When we talk about someone who is in denial we believe what we are discussing is a psychological defense mechanism. To believe that a narcissist is using denial as a defense mechanism is to set yourself up to be manipulated and deceived. We need to examine the tactic of denial as something very different from the psychological defense of denial.
Denial as a defense mechanism is how the mind copes emotionally in the fall-out of a catastrophic event, major loss, or with anxiety. The woman who finds herself suddenly widowed may deny for awhile that her husband is dead. Or she may simply feel numb and unable to cry for weeks or months. This is because she can't deal with all the emotions of loss and shock all at once. Denial as a defense is how our minds protect us from overwhelming situations that we aren't equipped at the time to deal with emotionally.
This is something very different from denial as a tactic. George K. Simon, "In Sheep's Clothing", points out:
"...this is when the aggressor refuses to admit that they've done something harmful or hurtful when they clearly have. It's a way they lie (to themselves as well as others) about their aggressive intentions. This 'Who...Me?' tactic invites the victim to feel unjustified in confronting the aggressor about the inappropriateness of a behavior. It's also the way the aggressor gives him/herself permission to keep right on doing what they want to do." pg. 98
Denial as a lying tactic of manipulation is another in the list of tactics covert-aggressive manipulators (usually character-disordered individuals) use very frequently. Mr. Simon has kindly laid out a list of eighteen of the most common tactics. He calls that a short list. He stresses the importance of differentiating between denial as a defense and denial as a tactic to hide aggressive intent. Simon sums up the tactic thusly:
"In short, when Jeff [a juvenile caught in the act of bullying] is denying, he's not defending in any way, he's mainly fighting. He's not in a psychological state, he's employing a tactic, and he's very aware of what he's doing. The tactic he's using is often called denial, but it's really just another way of lying. And he's lying for the reasons people commonly lie -- to get out of trouble." pg. 94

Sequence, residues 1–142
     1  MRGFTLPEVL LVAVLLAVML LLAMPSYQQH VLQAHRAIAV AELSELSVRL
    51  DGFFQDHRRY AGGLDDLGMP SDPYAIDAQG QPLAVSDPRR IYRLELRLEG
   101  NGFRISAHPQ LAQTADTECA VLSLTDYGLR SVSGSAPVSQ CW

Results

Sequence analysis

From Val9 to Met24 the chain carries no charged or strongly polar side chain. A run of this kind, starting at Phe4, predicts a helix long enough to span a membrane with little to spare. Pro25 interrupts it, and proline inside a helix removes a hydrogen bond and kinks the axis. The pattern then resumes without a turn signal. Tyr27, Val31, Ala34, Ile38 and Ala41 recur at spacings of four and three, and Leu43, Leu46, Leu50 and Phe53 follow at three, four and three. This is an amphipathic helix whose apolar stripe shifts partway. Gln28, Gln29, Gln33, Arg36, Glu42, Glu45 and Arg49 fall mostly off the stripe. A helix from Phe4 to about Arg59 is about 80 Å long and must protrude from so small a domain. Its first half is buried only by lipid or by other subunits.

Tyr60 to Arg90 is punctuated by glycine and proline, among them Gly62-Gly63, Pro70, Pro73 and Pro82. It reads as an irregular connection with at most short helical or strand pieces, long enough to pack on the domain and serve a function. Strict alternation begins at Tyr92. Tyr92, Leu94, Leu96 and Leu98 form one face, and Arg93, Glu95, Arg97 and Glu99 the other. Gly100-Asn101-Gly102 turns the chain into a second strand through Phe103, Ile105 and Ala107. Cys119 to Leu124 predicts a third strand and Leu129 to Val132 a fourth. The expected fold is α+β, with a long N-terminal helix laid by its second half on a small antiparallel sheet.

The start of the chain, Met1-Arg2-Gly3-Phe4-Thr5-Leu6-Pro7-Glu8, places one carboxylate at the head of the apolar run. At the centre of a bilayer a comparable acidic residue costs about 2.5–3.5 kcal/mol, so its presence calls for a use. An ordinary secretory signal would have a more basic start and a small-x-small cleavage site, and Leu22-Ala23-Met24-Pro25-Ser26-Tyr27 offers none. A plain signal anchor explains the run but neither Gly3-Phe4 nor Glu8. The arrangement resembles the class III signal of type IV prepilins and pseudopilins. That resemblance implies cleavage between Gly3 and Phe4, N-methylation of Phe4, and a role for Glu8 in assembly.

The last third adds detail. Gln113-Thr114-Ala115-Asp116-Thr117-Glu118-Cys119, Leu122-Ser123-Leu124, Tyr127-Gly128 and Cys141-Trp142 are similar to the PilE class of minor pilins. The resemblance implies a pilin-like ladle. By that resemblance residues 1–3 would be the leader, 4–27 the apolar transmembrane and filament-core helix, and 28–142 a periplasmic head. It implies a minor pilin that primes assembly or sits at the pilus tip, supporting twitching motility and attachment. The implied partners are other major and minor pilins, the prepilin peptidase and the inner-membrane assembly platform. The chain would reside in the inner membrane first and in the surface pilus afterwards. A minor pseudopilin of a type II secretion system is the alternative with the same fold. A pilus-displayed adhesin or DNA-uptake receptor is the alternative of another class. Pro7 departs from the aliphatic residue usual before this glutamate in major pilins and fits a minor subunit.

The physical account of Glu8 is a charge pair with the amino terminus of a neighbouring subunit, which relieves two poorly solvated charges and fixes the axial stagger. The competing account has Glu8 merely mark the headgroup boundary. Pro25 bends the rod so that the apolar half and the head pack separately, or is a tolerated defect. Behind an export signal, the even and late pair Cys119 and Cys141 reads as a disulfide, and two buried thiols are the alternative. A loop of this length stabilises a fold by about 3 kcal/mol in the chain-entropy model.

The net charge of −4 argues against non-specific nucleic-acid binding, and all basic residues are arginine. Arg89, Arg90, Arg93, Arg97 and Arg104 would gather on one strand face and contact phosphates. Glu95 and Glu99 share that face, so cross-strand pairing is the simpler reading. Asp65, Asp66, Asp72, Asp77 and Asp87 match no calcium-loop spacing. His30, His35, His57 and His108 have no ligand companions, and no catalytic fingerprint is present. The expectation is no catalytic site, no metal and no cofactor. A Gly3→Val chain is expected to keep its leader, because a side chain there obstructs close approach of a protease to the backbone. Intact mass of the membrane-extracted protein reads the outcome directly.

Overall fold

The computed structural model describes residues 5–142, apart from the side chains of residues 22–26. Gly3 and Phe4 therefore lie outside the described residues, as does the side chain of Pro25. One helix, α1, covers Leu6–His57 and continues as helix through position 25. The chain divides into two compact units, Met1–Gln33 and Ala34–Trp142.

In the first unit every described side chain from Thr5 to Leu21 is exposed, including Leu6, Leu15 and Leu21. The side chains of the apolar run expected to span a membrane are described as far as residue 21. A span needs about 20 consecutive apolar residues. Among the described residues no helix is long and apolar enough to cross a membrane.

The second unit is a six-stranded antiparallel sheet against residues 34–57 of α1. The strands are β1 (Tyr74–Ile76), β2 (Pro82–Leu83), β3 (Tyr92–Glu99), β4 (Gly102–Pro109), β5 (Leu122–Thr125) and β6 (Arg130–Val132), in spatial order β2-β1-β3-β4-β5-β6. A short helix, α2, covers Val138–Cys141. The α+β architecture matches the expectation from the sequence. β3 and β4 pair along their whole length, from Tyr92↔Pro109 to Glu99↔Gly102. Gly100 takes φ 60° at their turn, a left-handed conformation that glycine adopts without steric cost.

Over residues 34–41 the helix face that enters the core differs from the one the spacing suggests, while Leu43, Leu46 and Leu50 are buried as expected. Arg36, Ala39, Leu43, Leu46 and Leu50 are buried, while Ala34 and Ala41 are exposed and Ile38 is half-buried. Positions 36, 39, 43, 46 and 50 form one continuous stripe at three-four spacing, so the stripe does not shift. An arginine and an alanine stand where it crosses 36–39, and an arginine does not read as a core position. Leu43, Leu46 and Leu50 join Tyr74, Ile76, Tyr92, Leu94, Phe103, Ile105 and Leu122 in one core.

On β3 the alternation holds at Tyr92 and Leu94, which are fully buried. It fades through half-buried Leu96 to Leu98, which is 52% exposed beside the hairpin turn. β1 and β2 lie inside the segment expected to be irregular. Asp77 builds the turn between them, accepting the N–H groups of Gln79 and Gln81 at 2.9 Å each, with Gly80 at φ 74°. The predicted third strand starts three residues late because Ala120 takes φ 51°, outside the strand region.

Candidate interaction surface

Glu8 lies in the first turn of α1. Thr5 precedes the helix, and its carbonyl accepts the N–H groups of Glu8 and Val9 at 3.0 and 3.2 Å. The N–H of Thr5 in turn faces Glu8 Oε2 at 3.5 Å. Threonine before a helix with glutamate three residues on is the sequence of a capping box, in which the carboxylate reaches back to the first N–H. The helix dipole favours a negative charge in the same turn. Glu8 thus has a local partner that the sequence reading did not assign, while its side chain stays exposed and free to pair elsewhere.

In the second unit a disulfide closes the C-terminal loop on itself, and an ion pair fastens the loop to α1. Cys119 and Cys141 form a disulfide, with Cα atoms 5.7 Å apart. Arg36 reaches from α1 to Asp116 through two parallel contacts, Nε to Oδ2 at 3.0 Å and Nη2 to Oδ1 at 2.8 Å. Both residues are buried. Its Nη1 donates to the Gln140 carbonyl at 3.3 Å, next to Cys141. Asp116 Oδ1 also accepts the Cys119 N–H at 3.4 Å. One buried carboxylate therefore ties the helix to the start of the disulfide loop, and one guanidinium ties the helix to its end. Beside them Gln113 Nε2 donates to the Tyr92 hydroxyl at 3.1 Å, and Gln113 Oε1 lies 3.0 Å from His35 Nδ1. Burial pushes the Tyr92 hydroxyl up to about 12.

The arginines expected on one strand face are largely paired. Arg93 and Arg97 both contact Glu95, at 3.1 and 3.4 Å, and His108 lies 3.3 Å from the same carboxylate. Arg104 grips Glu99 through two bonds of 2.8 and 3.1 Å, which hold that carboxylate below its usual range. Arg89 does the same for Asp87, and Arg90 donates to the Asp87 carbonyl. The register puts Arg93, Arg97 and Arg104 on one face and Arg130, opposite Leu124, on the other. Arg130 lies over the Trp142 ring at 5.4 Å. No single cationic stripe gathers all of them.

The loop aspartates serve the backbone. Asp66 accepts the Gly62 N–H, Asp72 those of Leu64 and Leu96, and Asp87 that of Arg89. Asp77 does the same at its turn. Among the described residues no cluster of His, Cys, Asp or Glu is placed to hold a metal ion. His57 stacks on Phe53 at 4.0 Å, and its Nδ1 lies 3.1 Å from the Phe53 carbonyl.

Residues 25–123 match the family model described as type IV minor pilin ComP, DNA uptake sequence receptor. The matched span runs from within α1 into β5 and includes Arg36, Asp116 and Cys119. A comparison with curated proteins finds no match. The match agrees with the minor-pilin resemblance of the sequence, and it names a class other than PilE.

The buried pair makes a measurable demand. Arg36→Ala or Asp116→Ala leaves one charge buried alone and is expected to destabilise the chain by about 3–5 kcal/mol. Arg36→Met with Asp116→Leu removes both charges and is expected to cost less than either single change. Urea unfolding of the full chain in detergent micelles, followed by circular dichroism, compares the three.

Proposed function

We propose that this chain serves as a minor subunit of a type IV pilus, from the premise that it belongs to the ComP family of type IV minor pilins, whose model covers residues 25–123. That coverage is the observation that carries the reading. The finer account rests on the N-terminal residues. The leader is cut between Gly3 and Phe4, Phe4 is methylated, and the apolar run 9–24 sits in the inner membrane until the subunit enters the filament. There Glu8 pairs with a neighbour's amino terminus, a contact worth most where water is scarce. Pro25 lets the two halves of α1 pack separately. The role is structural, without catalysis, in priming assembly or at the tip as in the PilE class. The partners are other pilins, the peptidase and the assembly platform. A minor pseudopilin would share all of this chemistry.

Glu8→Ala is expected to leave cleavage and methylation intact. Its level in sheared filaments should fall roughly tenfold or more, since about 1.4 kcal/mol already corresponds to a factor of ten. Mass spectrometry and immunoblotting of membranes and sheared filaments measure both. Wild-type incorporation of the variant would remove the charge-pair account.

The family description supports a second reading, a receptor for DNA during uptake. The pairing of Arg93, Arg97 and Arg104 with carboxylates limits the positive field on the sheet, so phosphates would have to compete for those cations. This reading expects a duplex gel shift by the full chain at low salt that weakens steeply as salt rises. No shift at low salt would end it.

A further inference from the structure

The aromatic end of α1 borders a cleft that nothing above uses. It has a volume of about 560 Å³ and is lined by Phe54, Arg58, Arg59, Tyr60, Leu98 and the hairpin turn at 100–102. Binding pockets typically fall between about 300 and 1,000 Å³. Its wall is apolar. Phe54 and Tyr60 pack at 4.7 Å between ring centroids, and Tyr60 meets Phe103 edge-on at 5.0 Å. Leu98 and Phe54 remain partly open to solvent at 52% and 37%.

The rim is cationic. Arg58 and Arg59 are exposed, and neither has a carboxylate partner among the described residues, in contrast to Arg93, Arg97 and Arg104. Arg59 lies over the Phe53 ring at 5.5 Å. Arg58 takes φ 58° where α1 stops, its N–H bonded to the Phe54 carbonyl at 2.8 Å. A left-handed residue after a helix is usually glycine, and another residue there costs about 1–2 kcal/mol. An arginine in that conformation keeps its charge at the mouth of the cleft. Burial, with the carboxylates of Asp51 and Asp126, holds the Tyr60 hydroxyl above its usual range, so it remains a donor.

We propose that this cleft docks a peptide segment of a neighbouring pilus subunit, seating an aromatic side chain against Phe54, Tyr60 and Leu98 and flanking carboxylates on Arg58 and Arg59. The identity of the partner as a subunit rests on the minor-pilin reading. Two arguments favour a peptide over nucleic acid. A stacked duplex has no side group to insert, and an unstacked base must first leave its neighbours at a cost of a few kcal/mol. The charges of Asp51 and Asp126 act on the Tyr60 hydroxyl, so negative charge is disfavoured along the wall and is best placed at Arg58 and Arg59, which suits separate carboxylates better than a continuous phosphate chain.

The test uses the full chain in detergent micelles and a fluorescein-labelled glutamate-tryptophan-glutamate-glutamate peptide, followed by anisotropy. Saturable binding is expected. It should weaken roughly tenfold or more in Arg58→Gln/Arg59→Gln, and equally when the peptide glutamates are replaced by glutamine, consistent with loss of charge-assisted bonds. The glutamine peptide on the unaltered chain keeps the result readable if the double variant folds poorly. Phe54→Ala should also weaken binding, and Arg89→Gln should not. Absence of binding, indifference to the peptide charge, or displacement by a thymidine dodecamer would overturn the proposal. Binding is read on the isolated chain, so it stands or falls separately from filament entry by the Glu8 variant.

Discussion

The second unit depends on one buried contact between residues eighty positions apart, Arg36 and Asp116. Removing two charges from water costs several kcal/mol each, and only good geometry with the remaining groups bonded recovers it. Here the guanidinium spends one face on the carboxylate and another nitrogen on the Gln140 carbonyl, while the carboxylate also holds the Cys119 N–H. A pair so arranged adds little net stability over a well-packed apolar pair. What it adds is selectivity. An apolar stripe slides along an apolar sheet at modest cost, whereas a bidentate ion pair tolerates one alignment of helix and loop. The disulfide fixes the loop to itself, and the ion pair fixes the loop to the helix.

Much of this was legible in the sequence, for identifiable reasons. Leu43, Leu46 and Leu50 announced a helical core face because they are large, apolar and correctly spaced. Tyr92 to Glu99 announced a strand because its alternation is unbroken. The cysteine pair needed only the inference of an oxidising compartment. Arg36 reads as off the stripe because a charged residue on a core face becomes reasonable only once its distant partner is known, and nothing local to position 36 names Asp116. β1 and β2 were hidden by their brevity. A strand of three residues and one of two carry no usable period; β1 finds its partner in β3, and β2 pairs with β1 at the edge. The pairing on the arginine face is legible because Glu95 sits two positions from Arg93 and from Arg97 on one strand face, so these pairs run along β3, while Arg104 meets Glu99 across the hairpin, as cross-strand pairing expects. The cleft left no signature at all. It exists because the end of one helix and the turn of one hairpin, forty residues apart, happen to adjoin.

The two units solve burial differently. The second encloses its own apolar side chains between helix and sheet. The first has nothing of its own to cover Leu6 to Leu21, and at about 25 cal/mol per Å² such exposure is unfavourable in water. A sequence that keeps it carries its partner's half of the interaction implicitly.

I am sure you have many memories flooding into your mind right now of the times the narcissist has flatly denied their bad behavior, the effects of their bad behavior, and their bad intent behind the bad behavior. You are remembering how they managed to turn the whole situation around so that you were made to feel like you were the aggressor for not believing their denial...their lie. They put on their sweet angel face and deny, deny, deny until you lose the will to continue the fight. For that is what this creep is doing. Fighting. Fighting for his way. Fighting for his "right" to keep right on doing what he wants to do, all consequences to you be damned.
By his insistent denials you have often been made to feel like the bad guy. For trying to get an accounting from him for his actions you have succumbed to the accusation that you're being judgmental, unfair, bullying. So you gave up. You bought the lie that you are the mean one and he is innocent. Who would insist so tenaciously on their innocence except the innocent? Or so you rationalize. You are unwilling to believe that he can look you in the eye and lie his ass off from here to eternity. You want to believe that something about him, and about this relationship, is real...so you succumb his denials.
Or perhaps you allow yourself to know that his behavior was bad and destructive, but you tell yourself that deep down he's really hurting so he is "in denial" because he can't face his own pain. This is never the case with the character-disordered. He is not "in pain". He has no anxiety about his bad behavior whatsoever. He is totally cool with how he is. The only thing he isn't cool with is that you're not accepting his behavior. He is trying to get a pass from you by this blatant denial of his actions. He has no intention of stopping what he is doing. He will buy himself another day by simply denying he did what he did. It is so childish that it is rather a wonderment that we fall for this as often as we do when this is done by an adult. We want to believe that the person in front of us is basically good. That they are basically honest. That they are not fighting with us in this moment.
Teach yourself to recognize when someone is covertly fighting for their own way. Never fall for the belief that the narcissist is in some sort of psychic pain which prevents them from knowing how their behavior affects those around her. She has no problem, no conflict in her own mind with her behavior. She is justified fully in her mind for what she does no matter the destruction it brings down on herself and others. Her only problem is with your perceptions of her behavior. That is what she is trying to deal with as she employs her massive denial of her misdeeds. You are the problem...not her. She is not fighting to repress some deep psychological pain. She is fighting to force you to repress your own pain and your own perception so she can carry on unpunished while doing what ever the hell she wants to do.